# How much mass does the Sun gain from the Poynting-Robertson effect?

I understand that the Poynting–Robertson effect describes solar radiation-induced drag on certain sized dust particles, causes them to lose orbital angular momentum and eventually fall into the Sun.

But how much mass per year is actually added to the Sun from this effect?

• different question/answer but related and potentially helpful: What is the origin of the dust near the sun?
– uhoh
May 5, 2022 at 20:29
• As a cheap estimate, compare the sun's surface area to the earth's surface area and multiply the terran estimate by that ratio. May 6, 2022 at 11:25

The Sun does not accrete any mass as a result of the Poynting-Robertson (P-R) effect. The P-R effect only drags in relatively small dust particles and these are easily evaporated/sublimated when they get within a few solar radii of the Sun's surface and the atoms/ions are blown away again as part of the solar wind.

Details

As I explained in my answer to The Poynting Robertson Effect, the P-R effect is one of three competing forces on dust particles in the Solar System.

If dust is smaller than $$R \sim 10^{-7}$$ m then outward radiative forces exceed any gravitational forces or P-R drag, and the particles are blown out of the Solar System at any distance from the Sun. For dust particles a little bigger than this then the P-R effect will cause a drag and spiral-in on a timescale of around $$10^4$$ years (at the distance of the Earth). This timescale grows linearly with the size of the particle and gets longer than the age of the Solar System once you get to the size of rocks or if they start further away from the Sun.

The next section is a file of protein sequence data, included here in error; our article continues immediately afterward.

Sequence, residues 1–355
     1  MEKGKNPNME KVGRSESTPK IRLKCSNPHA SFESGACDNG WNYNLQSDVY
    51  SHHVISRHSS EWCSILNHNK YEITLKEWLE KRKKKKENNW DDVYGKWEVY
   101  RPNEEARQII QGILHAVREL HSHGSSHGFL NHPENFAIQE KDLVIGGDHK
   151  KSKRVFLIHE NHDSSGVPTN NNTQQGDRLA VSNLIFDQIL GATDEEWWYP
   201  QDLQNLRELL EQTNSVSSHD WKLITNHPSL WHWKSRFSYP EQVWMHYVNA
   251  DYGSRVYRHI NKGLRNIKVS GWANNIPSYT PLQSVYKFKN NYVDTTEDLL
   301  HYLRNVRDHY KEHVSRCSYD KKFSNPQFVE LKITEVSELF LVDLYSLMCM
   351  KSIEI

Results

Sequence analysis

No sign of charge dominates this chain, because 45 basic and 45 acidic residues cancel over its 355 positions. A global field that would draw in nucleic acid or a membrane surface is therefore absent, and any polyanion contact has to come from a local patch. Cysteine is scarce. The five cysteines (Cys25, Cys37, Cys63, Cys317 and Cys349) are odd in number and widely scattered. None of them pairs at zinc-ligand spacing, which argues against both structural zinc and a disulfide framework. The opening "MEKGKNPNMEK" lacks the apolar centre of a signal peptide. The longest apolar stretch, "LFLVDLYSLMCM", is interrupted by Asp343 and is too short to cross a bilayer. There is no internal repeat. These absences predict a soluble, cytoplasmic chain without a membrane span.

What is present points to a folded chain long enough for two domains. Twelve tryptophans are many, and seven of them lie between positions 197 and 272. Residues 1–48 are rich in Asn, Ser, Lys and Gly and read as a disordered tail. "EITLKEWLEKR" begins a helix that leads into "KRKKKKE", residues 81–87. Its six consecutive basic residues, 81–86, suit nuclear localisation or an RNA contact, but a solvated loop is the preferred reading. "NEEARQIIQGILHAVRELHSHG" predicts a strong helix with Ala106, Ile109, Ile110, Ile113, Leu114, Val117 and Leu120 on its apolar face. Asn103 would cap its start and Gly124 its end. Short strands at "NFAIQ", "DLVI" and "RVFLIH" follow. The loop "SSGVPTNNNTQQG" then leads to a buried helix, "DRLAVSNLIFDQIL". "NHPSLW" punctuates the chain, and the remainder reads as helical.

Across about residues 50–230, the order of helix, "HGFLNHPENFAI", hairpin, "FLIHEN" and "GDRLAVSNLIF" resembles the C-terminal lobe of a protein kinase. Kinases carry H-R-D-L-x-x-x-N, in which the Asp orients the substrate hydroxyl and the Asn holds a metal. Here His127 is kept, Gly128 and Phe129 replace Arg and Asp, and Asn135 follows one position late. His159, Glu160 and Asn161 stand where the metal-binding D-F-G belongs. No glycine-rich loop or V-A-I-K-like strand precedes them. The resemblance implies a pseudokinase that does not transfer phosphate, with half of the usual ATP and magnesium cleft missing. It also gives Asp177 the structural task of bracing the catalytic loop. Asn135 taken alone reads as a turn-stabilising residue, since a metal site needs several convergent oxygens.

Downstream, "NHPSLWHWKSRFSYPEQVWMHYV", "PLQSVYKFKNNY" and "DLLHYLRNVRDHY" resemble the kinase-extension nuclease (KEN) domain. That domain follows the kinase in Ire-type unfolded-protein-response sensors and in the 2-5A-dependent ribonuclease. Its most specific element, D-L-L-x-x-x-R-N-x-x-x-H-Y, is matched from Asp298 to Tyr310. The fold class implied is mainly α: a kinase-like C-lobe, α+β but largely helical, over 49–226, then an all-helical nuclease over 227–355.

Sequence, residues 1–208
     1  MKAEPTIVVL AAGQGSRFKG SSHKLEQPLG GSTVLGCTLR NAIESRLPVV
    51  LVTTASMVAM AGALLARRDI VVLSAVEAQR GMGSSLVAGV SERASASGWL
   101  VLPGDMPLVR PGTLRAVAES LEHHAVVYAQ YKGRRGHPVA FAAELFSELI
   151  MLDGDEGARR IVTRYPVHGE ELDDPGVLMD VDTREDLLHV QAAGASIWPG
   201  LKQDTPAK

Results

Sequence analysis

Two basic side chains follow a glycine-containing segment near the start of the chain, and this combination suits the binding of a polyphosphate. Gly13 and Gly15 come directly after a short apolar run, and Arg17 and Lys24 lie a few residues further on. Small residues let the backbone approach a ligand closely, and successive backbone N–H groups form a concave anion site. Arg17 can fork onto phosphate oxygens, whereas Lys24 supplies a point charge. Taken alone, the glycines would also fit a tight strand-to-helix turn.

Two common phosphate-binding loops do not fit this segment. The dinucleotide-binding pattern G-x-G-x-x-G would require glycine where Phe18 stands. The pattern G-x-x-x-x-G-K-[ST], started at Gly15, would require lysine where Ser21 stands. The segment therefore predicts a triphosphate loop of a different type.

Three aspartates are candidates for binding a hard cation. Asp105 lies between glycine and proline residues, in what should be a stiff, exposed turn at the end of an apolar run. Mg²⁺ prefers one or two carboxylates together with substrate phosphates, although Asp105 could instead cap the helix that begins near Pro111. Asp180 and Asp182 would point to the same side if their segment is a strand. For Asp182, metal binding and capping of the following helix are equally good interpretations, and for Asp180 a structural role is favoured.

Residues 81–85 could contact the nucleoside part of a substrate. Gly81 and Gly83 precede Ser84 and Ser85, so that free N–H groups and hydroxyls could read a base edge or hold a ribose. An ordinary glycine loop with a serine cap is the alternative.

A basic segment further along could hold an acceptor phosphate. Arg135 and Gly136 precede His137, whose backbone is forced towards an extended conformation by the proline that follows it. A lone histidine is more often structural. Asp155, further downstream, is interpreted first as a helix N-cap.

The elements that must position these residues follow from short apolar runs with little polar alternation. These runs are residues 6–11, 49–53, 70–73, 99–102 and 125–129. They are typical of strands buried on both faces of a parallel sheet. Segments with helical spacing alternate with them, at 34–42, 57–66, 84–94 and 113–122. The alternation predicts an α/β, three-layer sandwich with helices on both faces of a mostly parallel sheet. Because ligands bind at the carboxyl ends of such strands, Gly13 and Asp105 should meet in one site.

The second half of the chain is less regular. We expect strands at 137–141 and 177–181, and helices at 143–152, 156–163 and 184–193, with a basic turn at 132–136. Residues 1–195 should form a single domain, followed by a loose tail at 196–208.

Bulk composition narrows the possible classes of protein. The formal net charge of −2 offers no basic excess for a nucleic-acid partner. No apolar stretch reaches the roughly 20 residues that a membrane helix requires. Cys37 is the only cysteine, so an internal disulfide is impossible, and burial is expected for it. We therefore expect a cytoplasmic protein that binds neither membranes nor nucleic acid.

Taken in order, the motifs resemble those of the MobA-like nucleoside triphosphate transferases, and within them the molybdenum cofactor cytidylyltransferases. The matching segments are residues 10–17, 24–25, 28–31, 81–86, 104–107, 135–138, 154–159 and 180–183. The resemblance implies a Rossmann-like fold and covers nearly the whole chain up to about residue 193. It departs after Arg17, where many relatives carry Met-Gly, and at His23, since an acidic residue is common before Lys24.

Thus we expect all dust on size scales of $$10^{-6} < R < 0.1$$ m to get dragged towards the Sun if it initially orbits at around the distance of the Earth. But since the P-R drag gets weaker as you get further away from the Sun and decreases faster than gravity or radiation forces, the drag timescales all get longer by the square of starting distance and thus the upper limit on dust size that can be dragged towards the Sun in the Solar System lifetime decreases, and will correspondingly be of order of mm at the asteroid belt for instance.

Having got all that out of the way, the conclusion is that dust in the Solar System that meets these size criteria will get dragged towards the Sun. The problem is that the Sun is hot!. When the sub-mm particles get about 0.01-0.02 au (about 1.5-3 million km) from the Sun's photosphere they will just sublimate, their atoms/ions join the outwardly flowing solar wind and never reach the Sun (Pitjeva et al. 2021).

Thus the Sun's mass does not increase at all due to the P-R effect. Pitjeva et al. (2021) do however give an estimate of $$10^{-17}$$ solar mass/year for the amount of dust falling in towards the Sun as a result of the P-R effect. But I re-emphasize - none of it reaches the solar photosphere.

Even if the Sun gains some mass due to the Poynting-Robertson effect, it most certainly is outweighed by its fusion processes. According to this article: Is the Sun Shrinking?, the Sun looses 4.289x10^12 grams every second to energy. Because of this, the Sun is constantly looing mass. Not to mention the constant solar radiation and wind the Sun is blowing away every second. Poynting-Radiation effects certainly do not outweigh this mass loss of the Sun. It is worth noting that even though the Sun looses a lot of mass due to Energy and solar wind, it is a small portion of its real mass.

• – uhoh
Feb 10 at 7:39